BEAVER COUNTY – A Utah Department of Transportation employee was transported to the hospital Christmas Day following injuries he sustained when the 60,000-pound snowplow he was operating slid sideways and tipped over near southbound Interstate 15 Manderfield Exit 120.
The fully loaded UDOT truck was pushing snow to the side of the road while exiting the interstate when the tires were caught in the soft dirt to the side of the paved road and flipped over on its side, breaking the windows and injuring the driver, Utah Highway Patrol Trooper Gary McInelly said.
“He was transported by ambulance to the Beaver Valley Hospital where he was treated for injuries,” he said. “He had some lacerations and chest injuries.”
The roads were wet, McInelly said, but not badly covered in snow, despite the day of snowfall seen across the state this Christmas.
The injured driver was just ending his shift and preparing to head home when the accident occurred, UDOT Region 4 Public Information Officer Kevin Kitchen said. The truck was carrying a full load of salt, equaling about 8 cubic yards of a salt, he said.
The truck itself was totaled, Kitchen said. It was an older model that would cost an estimated $160,000 to $180,000 for UDOT to replace, which is actually much cheaper than the newer models they have purchased in more recent years, he said. Insurance coverage is expected to cover the cost.
“It’s a dangerous job,” he said. “People don’t realize how many things are going on at once with one of those plows, but, because he has such a load, and that load is a little bit high up, it makes the truck top-heavy.”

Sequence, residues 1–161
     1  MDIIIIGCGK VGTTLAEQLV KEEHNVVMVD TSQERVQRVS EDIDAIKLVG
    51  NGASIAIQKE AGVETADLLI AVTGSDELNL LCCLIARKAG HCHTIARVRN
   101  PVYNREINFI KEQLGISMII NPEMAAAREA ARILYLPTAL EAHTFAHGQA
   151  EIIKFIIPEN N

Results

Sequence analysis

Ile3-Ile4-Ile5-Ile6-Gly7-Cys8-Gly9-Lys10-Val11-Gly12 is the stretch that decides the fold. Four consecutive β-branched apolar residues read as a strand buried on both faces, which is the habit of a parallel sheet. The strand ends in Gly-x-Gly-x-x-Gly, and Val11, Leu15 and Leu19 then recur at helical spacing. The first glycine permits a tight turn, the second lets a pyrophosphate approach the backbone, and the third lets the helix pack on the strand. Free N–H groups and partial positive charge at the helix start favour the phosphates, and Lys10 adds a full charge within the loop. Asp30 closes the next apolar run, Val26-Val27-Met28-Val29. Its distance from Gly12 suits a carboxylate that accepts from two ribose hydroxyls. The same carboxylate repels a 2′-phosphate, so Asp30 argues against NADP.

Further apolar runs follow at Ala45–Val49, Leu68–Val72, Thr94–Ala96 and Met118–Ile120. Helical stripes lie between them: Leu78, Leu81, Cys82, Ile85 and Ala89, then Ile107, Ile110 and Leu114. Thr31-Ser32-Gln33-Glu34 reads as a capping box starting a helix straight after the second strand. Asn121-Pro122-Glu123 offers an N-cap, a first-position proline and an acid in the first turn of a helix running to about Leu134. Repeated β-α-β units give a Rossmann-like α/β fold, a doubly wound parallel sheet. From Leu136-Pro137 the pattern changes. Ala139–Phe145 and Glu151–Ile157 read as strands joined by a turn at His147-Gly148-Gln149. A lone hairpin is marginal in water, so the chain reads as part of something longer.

It took nearly four hours for Anytime Towing Owner Brian Pender to drag the totaled truck to the road and onto a flat, hard surface, so that it could then be flipped right-side-up.
“It’s just been one of those days for us today,” Pender said. “Just this morning someone stole one of our wreckers – he tried to help someone with it and got it stuck in the process, and that’s how they caught him.”
He was wrapping up that incident when the call came in for help with the UDOT snowplow, he said.
The process was particularly difficult, McInelly said, because the plow on the front of the truck continually got in the way when the Kenworth heavy duty wrecker was pulling the truck upright.
“The plow itself caused quite a problem,” he said. “It kept binding up into the roadway and getting caught while they were tipping it up.”
McInelly said they couldn’t remove the plow from the front of the truck until it was upright. Pender worked the plow truck until it finally flipped onto its tires.
As this report is published, the name of the injured snowplow driver has not been released.
This report is based on preliminary information provided by law enforcement or other emergency responders and may not contain the full scope of findings.
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